Half a croissant, on a plate, with a sign in front of it saying '50c'
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No toothbrushes

Who needs toothbrushes anyway?
  [vote for,

This is a follow-on from "Toothbrush Lock", an anti-disease-spread idea which soon got spat out

This idea is to replace brushing with a mouthwash containing a slowly dissolving abrasive plus the usual toothpaste chemicals.

I know toothpaset contains fine abrasives.

The new product would contain "chopped up dissolving bristles" so to speak as well.

rayfo, Jun 27 2001

Nice nano dentist http://www.halfbake...ce_20nano_20dentist
Halfbaked. [centauri, Jun 27 2001, last modified Oct 17 2004]


       Rods Tiger: Mouth millipedes? (Some tropical leeches go for the throat--the inside of the throat, that is. Gyuck!)
Dog Ed, Jun 27 2001

       Genetically modified apples containing flouride, perhaps?
Lemon, Jun 27 2001

       Apparantly there are several dive sites around the world's tropical reefs where the guides eat a biscuit before the dive, then go to a cleaning station and let the cleaner shrimps there into their mouths to pick the bits of biscuit from between their teeth. Obviously this can only last as long as you can hold your breath, but it'd be fun for a while. Quite fancy it myself.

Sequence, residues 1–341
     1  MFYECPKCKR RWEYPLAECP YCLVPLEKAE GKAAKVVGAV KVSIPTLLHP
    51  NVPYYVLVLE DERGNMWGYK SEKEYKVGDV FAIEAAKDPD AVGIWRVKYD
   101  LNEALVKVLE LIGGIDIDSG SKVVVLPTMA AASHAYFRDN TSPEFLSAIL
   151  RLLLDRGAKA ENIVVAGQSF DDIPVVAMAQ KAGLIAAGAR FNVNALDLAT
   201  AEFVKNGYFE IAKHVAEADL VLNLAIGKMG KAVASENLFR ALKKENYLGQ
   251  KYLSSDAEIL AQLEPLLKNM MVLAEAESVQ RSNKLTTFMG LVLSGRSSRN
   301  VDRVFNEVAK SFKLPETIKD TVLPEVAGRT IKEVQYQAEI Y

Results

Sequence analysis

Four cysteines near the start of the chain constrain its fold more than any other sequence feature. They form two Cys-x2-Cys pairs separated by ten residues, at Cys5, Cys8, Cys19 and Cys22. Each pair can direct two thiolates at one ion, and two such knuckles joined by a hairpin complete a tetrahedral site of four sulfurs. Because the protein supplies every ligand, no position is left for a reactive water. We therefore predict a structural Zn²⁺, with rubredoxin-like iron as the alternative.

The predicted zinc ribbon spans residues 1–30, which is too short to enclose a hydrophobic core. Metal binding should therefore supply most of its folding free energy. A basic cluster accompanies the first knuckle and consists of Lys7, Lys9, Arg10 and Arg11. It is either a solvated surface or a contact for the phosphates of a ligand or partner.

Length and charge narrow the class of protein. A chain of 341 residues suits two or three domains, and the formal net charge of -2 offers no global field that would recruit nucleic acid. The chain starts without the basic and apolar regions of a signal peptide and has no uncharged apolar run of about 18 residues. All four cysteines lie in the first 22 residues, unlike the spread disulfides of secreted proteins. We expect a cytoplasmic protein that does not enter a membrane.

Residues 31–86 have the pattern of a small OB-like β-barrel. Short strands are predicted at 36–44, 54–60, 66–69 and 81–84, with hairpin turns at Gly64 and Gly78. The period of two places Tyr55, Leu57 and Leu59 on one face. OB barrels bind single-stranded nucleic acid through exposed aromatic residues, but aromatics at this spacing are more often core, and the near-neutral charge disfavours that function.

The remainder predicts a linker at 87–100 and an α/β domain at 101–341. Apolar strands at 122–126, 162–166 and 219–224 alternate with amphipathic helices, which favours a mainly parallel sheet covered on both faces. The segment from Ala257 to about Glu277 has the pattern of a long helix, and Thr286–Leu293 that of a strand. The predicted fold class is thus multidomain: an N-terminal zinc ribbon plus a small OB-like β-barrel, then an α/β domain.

Nadir, Jun 27 2001

       When a product’s entire cleaning power is condensed into a chemical with time-dependent operative powers, the cons begin to outweigh the pros. How would the chemical’s cleaning-power be calibrated? How long should one keep the chemical in one’s mouth so as to ensure a good cleaning, but not completely strip one’s enamel? The ratio of toothpaste to water in addition to the length of time ensures a good cleaning and cannot be easily replaced by quick fixes.   

       The crux of this idea is the “slowly dissolving” part, and unless it's addressed, this seems to be a WIBNI in the same vein as shower-portals.
iuvare, Jun 27 2001

       Lemon: Flouride is rat poison, and its link to preventing tooth decay is tenuous at best. Most likely it has no effect.
VeXaR, Jun 27 2001

       Well, that's as maybe, but I sure don't have any rats living in my mouth these days.
Lemon, Jun 28 2001

       See? Because the fluoride keeps them down.
Monkfish, Jun 28 2001

       When your bristled mouthslug has eaten its fill of plaque, and flossed your crevices with its prehensile proboscis, it provides a tasty and protein-packed between meal snack.   

       First of all, of course, it lays the eggs which hatch a few hours later to become Mouthslugs - The Next Generation.
BunsenHoneydew, Aug 25 2002


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